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DARPA Seeks Satellite Programs That Stick

Developer challenge will reward novel ways to program small space station satellites to autonomously approach and capture objects using Velcro.

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The Department of Defense's (DoD's) research arm is co-sponsoring a new challenge for developers to create code to program active satellites to move toward and capture objects aboard the International Space Station (ISS).

The Defense Advanced Research Projects Agency's (DARPA's) InSPIRE (International Space Station SPHERES Integrated Research Experiments) program, TopCoder, and the Massachusetts Institute of Technology are sponsoring the Zero Robotics Autonomous Space Capture Challenge, a developer tournament to program algorithms that will help small satellites flying on the ISS autonomously perform object capture, according to DARPA.

SPHERES stands for Synchronized Position Hold, Engage, Reorient Experimental Satellites, which are free-flying robots about the size of basketballs that are meant to serve as remote-controlled astronaut assistants aboard the ISS.

[ Common, inexpensive technologies are being used by foreign adversaries to build 'military grade' systems. See DARPA: Consumer Tech Can Aid Electronic Warfare. ]

Powered by CO2 cartridges and smartphone-powered headsets, SPHERES can currently perform tasks such as surveys and inspections of the interior of the ISS by capturing mobile camera images and video. Eventually, however, NASA wants them to be able to do more, such as replace humans for repair work or configure telescopes.

That's where the challenge comes in. DARPA is hoping Earth-bound programmers can create algorithms that will allow the satellites to achieve another level of autonomous movement.

Specifically, the challenge is to create code to allow the SPHERES to autonomously approach tumbling, passive objects on the ISS and capture them using Velcro, according to DARPA.

During the tournament--which starts March 28 and will run for four, week-long rounds--developers will collaborate via the Zero Robotics website. ZeroRobotics is co-sponsored by NASA and run by MIT's Space Systems Laboratory.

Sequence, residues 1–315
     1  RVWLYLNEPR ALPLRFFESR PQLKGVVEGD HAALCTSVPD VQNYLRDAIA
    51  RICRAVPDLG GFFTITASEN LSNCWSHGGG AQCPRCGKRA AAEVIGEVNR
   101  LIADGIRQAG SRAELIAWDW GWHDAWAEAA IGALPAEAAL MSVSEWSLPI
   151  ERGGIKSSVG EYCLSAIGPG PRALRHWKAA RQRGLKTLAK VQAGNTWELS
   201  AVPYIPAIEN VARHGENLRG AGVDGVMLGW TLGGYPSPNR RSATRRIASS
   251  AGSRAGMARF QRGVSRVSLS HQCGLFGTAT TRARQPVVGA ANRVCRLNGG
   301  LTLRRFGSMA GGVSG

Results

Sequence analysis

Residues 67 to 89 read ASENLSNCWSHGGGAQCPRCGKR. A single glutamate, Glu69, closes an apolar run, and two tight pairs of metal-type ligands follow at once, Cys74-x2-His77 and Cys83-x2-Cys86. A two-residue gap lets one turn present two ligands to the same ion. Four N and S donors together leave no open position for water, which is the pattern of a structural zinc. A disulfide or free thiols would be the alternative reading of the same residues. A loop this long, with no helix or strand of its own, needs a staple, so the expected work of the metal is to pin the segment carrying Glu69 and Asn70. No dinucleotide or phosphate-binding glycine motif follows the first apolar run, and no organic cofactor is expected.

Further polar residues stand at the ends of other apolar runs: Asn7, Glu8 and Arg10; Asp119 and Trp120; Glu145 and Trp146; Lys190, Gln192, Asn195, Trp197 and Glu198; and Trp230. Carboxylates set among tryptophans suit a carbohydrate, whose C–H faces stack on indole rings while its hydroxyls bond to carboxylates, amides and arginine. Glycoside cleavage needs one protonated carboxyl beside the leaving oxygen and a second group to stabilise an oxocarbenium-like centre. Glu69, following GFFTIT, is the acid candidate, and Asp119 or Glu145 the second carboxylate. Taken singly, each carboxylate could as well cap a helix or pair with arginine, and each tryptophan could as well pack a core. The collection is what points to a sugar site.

At the end of each week, the Zero Robotics website will publish the best submission for public reference and use in the next round.

The four best submissions--i.e., each week's winners--also will be included in a demo aboard the ISS in late May, and winning developers will be invited to watch the live test at MIT or via a webcast feed.

The sponsors are particularly targeting middle- and high-school students to participate in the challenge as part of federal science, technology, engineering, and mathematics (STEM) education efforts, according to TopCoder.

In addition to STEM efforts, the challenge also is part of a federal trend to seek technology innovation from the public for government use through the use of challenges. The feds even created the Challenge.gov website to aggregate agencies' challenges and help make them easier to find and participate in.

As federal agencies embrace devices and apps to meet employee demand, the White House seeks one comprehensive mobile strategy. Also in the new Going Mobile issue of InformationWeek Government: Find out how the National Security Agency is developing technologies to make commercial devices suitable for intelligence work. (Free registration required.)

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